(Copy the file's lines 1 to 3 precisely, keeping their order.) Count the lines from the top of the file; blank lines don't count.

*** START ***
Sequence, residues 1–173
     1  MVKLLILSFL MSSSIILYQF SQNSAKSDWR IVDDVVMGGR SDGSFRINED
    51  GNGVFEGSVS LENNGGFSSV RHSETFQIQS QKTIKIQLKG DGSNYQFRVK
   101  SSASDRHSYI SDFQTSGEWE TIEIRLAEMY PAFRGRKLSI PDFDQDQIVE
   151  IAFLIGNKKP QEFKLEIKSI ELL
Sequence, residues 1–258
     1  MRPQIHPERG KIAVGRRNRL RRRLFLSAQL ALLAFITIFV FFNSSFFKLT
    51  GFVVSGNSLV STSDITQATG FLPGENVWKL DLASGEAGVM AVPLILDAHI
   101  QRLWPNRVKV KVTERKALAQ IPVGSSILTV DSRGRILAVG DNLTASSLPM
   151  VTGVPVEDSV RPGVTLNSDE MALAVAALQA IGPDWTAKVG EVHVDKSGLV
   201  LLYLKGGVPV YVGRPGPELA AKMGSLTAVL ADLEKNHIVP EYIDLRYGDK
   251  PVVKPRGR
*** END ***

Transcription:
Sequence, residues 1–173
     1  MVKLLILSFL MSSSIILYQF SQNSAKSDWR IVDDVVMGGR SDGSFRINED
    51  GNGVFEGSVS LENNGGFSSV RHSETFQIQS QKTIKIQLKG DGSNYQFRVK